To anchor this work in national policies and practices, the IBE co-convened with the International Brain Research Organization (IBRO) a ministerial dialogue on neuroscience and the future of education and learning during the 10th World Congress on Neuroscience, in September 2019. The dialogue specifically targeted ministers from Africa, Arab states, South Asia, and West Asia, where neuroscience is yet to be mainstreamed into pre- and in-service programs for educators—especially, though not exclusively, teachers.

IBE Director 2014 – 2020 delivers opening remarks, High-level Forum on Neuroscience and the Future of Education and Learning, Daegu, 23 September 2019.

Building capacity for effective learning from the base

Effective teaching is essential for facilitating learning. However, it needs to be underscored that, ultimately, it is the learners who do the learning, not the teachers. The latter can only facilitate the former. The most effective teaching in the world will not realize commensurate learning outcomes if it is not complemented by an effective capacity to learn. For many children, a range of factors—including malnutrition, diseases, fatigue, toxic stress, non-conducive home environment—undermine their capacity to learn. Yet, effective learning is just as important to effective curriculum implementation as effective teaching, if not more so. Thus, while it is important to support teachers in effective teaching, it is even more important to support learners in effective learning.

Compelling research evidence speaks to the indispensable role of quality and holistic ECCD services in building capacity for effective lifelong learning. Yet, to date, a little under half of the world’s children do not have access to such programs. Where programs exist, their quality and effectiveness remain unclear, especially for ages 0-3, the most critical age for building effective learning capacity. More often than not, delivery of ECCD services to children aged 0-8 years old is undermined by institutional fragmentation and by poor capacity to monitor holistic early childhood development.

During 2018/2019, the IBE deepened its effort to build capacity for effective learning from the base. It advanced work toward articulation of an ECCD System Prototype. Furthermore, it provided Cameroon, Eswatini, Seychelles, Laos, and Rwanda with technical support to apply the evolving prototype toward strengthening their national ECCD systems. The same countries also piloted the evolving Holistic Early Childhood Development Index (HECDI) to improve the monitoring of their systems’ impact on holistic early childhood development.

Reinforcing the monitoring of SDG 4.1

Assessment collect evidence of effective learning through the proxy of learning outcomes. Curriculum guides teaching, learning, and assessment. Logically, intellectual and technical leadership for monitoring learning outcomes is within the core competences and mandate of the IBE. During 2018/2019, the IBE completed an analysis of the National Assessment Frameworks (NAFs) of 73 countries for reading and of 115 countries for mathematics in order to ensure the development of credible Global Assessment Frameworks (GAFs) for SDG 4.1 (reading and mathematics). Following extensive consultations, these frameworks were adopted for use in monitoring SDG 4.1.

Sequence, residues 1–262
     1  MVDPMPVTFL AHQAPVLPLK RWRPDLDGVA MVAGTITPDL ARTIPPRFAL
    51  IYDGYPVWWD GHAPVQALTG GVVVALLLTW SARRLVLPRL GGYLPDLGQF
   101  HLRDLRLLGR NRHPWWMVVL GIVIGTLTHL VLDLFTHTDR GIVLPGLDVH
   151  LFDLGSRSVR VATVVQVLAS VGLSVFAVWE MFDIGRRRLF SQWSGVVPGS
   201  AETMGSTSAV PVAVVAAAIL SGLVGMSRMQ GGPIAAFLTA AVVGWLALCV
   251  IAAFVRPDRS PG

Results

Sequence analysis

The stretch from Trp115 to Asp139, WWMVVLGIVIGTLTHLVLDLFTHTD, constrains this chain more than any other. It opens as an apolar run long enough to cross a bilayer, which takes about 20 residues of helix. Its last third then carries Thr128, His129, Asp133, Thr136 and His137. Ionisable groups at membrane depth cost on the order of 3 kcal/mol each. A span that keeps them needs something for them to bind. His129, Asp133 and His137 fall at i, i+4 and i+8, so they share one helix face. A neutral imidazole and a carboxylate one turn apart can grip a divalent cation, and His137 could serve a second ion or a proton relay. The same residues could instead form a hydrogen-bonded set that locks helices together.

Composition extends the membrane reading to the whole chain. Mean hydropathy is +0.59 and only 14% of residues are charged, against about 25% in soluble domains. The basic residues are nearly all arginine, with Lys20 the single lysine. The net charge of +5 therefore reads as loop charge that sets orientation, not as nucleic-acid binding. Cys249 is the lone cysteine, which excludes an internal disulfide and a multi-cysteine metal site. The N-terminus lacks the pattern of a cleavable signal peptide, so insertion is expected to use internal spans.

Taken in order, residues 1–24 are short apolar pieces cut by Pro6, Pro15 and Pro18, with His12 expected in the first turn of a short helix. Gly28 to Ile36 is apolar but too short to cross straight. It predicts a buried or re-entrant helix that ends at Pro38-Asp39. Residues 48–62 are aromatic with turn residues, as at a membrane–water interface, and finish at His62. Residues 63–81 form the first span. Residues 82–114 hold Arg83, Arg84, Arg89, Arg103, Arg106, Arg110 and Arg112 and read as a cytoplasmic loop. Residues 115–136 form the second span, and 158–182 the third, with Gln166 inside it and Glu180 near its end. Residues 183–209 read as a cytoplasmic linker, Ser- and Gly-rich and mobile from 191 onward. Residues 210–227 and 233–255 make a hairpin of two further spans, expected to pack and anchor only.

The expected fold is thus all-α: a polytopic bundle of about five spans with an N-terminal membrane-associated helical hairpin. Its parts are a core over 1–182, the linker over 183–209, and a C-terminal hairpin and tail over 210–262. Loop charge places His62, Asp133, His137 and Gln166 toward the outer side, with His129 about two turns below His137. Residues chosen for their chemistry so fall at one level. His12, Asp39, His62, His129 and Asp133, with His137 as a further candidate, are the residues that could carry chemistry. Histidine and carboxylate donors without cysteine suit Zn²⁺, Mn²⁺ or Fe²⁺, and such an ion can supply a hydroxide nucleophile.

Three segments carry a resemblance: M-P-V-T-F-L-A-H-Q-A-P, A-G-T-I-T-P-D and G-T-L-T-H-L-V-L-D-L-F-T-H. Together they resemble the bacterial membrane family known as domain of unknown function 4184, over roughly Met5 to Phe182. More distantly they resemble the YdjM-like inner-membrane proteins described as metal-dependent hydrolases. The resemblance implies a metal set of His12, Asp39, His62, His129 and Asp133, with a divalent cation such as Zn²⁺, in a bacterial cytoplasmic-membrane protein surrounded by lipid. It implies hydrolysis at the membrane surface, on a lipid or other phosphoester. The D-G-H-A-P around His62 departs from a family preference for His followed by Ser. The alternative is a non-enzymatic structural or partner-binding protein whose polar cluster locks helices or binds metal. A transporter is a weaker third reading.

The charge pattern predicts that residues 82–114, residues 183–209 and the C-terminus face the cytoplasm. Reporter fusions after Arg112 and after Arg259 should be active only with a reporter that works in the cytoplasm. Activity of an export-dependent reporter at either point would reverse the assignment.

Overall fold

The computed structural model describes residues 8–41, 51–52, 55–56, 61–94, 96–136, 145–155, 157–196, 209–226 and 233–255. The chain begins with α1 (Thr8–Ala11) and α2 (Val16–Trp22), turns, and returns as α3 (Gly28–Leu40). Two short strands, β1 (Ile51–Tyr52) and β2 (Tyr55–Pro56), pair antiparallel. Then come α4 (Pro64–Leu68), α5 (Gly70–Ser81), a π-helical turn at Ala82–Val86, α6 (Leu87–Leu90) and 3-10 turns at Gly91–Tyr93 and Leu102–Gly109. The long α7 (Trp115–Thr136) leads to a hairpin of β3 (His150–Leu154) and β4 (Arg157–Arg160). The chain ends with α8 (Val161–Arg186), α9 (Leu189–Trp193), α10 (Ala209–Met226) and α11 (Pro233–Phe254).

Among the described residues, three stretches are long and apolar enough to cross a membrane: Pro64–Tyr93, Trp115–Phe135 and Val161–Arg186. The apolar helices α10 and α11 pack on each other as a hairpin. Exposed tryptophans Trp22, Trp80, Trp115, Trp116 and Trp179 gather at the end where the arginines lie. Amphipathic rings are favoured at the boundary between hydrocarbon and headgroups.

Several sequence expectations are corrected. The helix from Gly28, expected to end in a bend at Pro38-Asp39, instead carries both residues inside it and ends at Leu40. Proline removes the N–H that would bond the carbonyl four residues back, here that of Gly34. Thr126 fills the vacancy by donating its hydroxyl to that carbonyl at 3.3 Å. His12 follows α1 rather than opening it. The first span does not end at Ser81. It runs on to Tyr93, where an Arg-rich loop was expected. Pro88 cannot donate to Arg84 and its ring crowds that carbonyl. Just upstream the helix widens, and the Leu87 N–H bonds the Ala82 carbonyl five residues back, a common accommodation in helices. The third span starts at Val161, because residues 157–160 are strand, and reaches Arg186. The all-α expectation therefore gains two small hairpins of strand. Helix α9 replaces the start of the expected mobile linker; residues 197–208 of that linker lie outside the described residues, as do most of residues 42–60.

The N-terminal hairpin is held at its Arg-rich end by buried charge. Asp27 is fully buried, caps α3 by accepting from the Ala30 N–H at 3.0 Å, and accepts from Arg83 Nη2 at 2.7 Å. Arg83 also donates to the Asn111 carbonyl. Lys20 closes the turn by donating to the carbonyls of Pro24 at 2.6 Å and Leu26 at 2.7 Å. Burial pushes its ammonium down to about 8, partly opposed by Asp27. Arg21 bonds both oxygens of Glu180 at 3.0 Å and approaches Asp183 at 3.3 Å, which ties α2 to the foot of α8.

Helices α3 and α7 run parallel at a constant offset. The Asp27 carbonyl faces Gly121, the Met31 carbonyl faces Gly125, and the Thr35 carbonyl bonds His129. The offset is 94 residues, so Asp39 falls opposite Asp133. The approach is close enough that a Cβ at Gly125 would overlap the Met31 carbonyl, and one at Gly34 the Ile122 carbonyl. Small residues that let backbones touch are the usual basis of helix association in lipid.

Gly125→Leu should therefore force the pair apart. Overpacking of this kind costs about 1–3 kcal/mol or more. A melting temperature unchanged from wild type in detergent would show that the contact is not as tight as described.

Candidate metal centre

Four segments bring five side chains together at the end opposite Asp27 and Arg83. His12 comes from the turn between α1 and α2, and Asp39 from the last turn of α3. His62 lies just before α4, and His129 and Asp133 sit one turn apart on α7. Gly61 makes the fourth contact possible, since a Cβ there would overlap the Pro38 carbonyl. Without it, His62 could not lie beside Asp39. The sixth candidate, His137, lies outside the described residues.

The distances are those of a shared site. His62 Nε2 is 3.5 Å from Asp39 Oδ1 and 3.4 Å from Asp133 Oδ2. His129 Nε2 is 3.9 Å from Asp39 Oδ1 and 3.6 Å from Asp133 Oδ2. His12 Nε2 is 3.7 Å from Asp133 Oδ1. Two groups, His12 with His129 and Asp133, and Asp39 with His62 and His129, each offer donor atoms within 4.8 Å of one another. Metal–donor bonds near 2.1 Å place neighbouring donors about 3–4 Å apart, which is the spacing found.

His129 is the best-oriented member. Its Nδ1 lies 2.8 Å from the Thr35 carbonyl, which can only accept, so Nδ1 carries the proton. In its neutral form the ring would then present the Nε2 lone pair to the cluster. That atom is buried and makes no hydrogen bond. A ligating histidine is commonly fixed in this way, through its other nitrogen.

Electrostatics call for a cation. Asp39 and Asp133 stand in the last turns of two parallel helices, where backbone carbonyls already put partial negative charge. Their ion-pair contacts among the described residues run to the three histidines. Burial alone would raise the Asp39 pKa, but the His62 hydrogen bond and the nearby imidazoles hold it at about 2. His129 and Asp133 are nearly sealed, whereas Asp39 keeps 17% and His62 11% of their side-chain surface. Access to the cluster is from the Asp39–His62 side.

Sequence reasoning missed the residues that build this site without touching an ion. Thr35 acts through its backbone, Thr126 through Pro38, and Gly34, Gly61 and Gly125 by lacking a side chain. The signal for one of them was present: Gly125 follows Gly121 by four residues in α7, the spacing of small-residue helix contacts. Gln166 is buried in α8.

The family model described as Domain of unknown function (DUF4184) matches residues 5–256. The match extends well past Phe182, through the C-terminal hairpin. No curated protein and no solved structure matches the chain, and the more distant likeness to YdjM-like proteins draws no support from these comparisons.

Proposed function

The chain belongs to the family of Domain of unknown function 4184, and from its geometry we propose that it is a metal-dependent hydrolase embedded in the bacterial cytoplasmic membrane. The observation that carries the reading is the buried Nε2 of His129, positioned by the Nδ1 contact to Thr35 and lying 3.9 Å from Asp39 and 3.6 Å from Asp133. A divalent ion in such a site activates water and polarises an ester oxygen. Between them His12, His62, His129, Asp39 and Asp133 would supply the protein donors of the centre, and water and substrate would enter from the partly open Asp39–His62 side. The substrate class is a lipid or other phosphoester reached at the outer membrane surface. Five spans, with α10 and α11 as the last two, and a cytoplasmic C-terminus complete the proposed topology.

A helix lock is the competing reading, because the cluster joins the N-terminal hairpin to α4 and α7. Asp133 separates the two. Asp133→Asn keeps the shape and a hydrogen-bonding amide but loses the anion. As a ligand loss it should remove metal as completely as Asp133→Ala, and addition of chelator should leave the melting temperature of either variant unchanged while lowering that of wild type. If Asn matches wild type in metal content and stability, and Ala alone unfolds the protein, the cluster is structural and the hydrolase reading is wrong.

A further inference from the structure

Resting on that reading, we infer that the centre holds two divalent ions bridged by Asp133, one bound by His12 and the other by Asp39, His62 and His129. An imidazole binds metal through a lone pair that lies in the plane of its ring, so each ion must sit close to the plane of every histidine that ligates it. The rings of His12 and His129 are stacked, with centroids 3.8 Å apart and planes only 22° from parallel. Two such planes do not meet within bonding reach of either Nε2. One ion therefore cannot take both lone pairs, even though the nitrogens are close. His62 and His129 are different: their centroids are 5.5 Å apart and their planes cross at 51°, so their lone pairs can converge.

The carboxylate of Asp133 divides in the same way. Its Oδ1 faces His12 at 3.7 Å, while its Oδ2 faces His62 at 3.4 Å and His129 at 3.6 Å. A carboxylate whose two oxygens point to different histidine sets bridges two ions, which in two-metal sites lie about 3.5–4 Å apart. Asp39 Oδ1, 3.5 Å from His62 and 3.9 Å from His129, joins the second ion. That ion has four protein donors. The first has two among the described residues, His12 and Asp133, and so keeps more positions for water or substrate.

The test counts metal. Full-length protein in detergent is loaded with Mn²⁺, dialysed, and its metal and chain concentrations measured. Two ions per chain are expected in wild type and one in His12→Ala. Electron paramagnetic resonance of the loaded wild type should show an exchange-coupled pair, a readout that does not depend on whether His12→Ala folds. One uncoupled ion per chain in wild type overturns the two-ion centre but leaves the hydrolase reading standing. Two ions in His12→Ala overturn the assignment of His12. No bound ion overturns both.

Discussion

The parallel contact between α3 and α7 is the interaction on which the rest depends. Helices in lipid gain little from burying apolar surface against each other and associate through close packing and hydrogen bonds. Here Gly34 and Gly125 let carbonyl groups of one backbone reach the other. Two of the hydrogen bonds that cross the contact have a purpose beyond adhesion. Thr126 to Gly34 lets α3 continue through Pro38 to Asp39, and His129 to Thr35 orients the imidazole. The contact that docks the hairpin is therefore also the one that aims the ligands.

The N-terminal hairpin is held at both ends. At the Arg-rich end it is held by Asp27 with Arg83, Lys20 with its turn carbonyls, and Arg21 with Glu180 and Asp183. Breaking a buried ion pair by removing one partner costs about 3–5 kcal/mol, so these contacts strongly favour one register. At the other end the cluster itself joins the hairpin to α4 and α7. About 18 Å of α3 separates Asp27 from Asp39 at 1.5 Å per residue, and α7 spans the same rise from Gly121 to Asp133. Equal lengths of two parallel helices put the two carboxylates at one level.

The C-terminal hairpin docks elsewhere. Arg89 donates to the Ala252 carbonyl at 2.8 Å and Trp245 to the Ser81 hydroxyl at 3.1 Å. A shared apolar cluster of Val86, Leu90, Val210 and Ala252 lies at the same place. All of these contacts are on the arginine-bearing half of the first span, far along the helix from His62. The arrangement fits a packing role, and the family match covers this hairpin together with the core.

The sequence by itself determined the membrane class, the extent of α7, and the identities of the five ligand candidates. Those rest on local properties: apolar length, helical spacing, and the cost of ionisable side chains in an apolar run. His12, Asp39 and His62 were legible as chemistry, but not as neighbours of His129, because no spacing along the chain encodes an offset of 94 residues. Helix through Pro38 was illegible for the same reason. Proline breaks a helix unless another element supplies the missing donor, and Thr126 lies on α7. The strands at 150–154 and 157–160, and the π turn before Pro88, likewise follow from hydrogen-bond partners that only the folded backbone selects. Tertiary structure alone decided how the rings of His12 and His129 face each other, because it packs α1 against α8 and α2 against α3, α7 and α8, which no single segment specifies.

Stimulating reflective dialogue on areas of IBE competence

The IBE’s In Progress Reflections (IPRs) continued to stimulate reflective dialogue on critical and emerging issues on curriculum, teaching, learning, and assessment. Fifteen IPRs were developed and disseminated during 2018/2019.

Group photo, High-level Forum on Neuroscience and the Future of Education and Learning, Daegu, 2019.

Strengthening internal intellectual and operational capacity

The effectiveness of the IBE at executing its mandate rests on its own internal capacity and on opportunities for its constant renewal through staff learning. Staff efforts are augmented through the IBE Learning Series, which is also open to International Geneva, especially education professionals. During 2018–2019, the IBE staff participated in 5 IBE sessions, titled: The Future of Africa: AI, Robotics, and Education; Educating for the 21st Century: 7 Global Challenges; Neuroscience and Education: Addressing the Global Learning Crisis; Migration, Displacement and Education: Building Bridges, Not Walls; and Immigrants and Comparative Education: Call to Re/Engagement.

2018/2019 also witnessed an impressive growth in the base of IBE Senior Fellows, who, by all measures, are an integral part of the institutional brain trust. The IBE Senior Fellows have immense expertise and enviable experience in the following fields: competence-based curriculum, futures curriculum, neuroscience of education and learning, cognitive psychology, reading and writing in the early grades, teaching, teacher education and continuous professional development, ECCD, assessment for learning, STEM education and learning, technology education, AI and education, and robotics and AI in the early grades.  

An exceptional base of consultants augmented the expertise and experiential base of IBE Senior Fellows. Combined, senior fellows and consultants are what give the IBE the agility for constant self-renewal and flexible constitution of teams whose skill mix measures up to the task.